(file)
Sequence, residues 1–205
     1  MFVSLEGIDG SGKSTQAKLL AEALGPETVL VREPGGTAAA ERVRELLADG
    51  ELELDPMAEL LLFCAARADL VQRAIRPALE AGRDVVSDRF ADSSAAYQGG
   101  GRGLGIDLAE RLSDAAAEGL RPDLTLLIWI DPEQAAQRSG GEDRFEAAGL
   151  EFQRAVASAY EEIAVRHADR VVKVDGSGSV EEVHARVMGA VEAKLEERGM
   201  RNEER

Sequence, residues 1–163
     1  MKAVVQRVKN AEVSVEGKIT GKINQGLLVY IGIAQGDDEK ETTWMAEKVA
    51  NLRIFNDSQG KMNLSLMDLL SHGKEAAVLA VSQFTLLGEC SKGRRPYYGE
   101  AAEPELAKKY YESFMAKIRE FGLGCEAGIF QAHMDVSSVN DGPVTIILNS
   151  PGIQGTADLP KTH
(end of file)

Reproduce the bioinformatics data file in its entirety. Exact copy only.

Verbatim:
Sequence, residues 1–205
     1  MFVSLEGIDG SGKSTQAKLL AEALGPETVL VREPGGTAAA ERVRELLADG
    51  ELELDPMAEL LLFCAARADL VQRAIRPALE AGRDVVSDRF ADSSAAYQGG
   101  GRGLGIDLAE RLSDAAAEGL RPDLTLLIWI DPEQAAQRSG GEDRFEAAGL
   151  EFQRAVASAY EEIAVRHADR VVKVDGSGSV EEVHARVMGA VEAKLEERGM
   201  RNEER

Sequence, residues 1–163
     1  MKAVVQRVKN AEVSVEGKIT GKINQGLLVY IGIAQGDDEK ETTWMAEKVA
    51  NLRIFNDSQG KMNLSLMDLL SHGKEAAVLA VSQFTLLGEC SKGRRPYYGE
   101  AAEPELAKKY YESFMAKIRE FGLGCEAGIF QAHMDVSSVN DGPVTIILNS
   151  PGIQGTADLP KTH